Thursday, December 11, 2014
Monday, December 08, 2014
Thursday, November 20, 2014
|Open Business: File under business strategy...|
If you want them to agree with what you think your brand is about you have to behave in a way consistent with that position - and that is driven by purpose. Know your purpose and the rest becomes easy. (Chapter One of The 10 Principles of Open Business is dedicated to exactly this).
This sometimes gets lost in the life of a brand. But when one is starting out it has to be the very start point. And that's what last night's broadcast of BBC1's The Apprentice entirely missed.
To create a brand from scratch FIRST you must decide what it is for; what is its purpose - what does it stand for?
Neither of the teams last night started there - and that's why they struggled to align a name, a label, a billboard and a TV ad in any kind of coherent way. This was something Lord Sugar didn't bother pointing out (banging on about product first as if had one of the teams created something that tasted really nice it would have done its own branding and sold itself to the room of ad execs).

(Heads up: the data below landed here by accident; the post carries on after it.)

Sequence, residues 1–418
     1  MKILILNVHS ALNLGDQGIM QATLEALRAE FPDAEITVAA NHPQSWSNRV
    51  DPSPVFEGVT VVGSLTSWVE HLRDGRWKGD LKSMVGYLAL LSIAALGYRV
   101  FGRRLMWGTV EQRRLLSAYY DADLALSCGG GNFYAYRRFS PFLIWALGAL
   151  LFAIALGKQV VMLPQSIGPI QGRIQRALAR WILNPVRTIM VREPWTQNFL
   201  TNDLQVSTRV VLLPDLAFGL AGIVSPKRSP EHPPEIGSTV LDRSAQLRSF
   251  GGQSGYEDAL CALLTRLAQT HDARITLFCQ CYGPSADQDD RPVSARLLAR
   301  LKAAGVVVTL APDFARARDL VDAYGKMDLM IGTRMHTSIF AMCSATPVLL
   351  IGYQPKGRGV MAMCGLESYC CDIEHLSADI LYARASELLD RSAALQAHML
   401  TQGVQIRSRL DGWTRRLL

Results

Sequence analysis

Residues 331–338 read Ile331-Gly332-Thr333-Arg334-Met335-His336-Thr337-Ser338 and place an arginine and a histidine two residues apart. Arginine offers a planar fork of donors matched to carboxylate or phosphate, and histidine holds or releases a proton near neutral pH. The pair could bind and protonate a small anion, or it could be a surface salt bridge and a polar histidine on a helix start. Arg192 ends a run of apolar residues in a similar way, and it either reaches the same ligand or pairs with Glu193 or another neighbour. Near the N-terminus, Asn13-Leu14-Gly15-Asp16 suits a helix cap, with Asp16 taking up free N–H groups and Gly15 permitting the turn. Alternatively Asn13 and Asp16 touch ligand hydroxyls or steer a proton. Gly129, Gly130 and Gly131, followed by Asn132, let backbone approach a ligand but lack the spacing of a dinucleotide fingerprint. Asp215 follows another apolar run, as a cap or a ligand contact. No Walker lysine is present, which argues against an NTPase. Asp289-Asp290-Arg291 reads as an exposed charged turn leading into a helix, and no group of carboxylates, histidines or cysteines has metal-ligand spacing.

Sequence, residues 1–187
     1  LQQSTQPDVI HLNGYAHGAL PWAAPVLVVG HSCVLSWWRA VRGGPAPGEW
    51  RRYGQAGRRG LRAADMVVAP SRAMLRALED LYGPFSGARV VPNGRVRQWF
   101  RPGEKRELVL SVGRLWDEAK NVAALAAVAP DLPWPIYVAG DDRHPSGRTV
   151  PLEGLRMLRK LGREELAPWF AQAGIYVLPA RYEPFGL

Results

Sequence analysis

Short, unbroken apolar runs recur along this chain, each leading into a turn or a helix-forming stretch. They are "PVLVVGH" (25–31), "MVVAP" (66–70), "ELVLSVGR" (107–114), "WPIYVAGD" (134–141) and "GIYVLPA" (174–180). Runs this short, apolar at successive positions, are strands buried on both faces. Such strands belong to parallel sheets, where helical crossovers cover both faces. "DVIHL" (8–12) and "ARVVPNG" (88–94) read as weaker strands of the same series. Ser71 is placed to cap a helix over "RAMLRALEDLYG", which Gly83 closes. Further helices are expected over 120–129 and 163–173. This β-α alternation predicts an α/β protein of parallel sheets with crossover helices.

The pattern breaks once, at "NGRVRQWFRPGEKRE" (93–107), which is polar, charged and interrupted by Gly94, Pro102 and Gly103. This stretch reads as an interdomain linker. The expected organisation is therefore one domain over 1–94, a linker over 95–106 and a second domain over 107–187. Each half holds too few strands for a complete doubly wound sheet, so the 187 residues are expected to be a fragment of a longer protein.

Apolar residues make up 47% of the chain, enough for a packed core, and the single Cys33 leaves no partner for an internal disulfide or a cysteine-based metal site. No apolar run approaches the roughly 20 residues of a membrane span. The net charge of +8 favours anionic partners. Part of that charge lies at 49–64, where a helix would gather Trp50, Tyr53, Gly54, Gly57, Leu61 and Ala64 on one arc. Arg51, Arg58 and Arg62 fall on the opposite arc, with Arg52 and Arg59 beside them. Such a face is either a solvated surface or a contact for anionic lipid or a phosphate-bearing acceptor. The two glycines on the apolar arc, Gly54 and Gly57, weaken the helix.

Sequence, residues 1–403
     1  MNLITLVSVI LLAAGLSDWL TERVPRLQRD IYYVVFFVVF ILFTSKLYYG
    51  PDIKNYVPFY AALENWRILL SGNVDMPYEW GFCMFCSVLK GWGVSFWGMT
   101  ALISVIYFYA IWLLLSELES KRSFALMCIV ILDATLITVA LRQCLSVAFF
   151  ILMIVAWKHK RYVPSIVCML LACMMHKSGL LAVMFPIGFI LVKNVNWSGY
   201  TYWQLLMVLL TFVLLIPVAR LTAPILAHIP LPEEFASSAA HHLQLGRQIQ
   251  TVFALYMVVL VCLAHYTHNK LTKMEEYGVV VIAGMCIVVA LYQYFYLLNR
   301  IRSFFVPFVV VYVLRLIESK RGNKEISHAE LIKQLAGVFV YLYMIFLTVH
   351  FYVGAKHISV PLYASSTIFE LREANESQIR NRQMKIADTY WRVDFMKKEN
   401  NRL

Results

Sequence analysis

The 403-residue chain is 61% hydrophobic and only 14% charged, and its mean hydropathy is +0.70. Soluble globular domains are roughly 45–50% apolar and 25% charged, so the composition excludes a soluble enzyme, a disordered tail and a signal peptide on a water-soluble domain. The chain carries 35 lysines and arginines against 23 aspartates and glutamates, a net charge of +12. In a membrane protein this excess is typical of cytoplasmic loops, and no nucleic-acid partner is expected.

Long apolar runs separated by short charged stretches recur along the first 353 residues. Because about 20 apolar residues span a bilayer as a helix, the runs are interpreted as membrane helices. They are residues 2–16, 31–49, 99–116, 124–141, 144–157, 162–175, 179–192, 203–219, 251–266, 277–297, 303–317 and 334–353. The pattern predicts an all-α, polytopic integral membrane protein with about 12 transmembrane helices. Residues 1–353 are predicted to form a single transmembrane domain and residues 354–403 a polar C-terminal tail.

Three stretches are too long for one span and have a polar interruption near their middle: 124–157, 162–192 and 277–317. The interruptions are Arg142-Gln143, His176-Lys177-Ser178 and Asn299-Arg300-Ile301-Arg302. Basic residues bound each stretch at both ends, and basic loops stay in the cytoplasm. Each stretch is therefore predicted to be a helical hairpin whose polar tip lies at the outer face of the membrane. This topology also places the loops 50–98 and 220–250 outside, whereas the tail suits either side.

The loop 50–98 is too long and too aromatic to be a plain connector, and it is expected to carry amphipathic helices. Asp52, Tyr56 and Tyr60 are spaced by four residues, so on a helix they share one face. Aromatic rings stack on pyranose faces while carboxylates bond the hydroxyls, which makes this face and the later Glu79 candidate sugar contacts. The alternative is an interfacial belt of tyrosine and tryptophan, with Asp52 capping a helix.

It's simple really:
1. Choose purpose: (eg Helps you tackle life's adventures head on)
2. Come up with a name to reflect that: (eg Red Bull)
3. Give it a taste and colour to reflect that (Caffeine boosted, natural zingy stuff, you get the idea)
4. Do things that reflect the message (jump from balloons in space)
5. Now story board that TV ad...
There are lessons in this for anyone tackling something new - whether it be products and services or developing a brand. I only wish 'business TV' like The Apprentice would do a better job of keeping up.
Tuesday, November 18, 2014
Communication. The act of communion with another soul. Isn't it?
Yes, I know there are other definitions. But this is the oldest. It precedes the broadcast age.
Interesting too that the term communication comes from the Latin "Communicare" which literally means, To Share. (I'd be fascinated to learn the root in other languages via your comments, please)
I'm interested because I'm wondering if communication in business needs calling out as the 'sharing with others' it actually is rather than the 'broadcasting a pov to others' it regularly defaults to.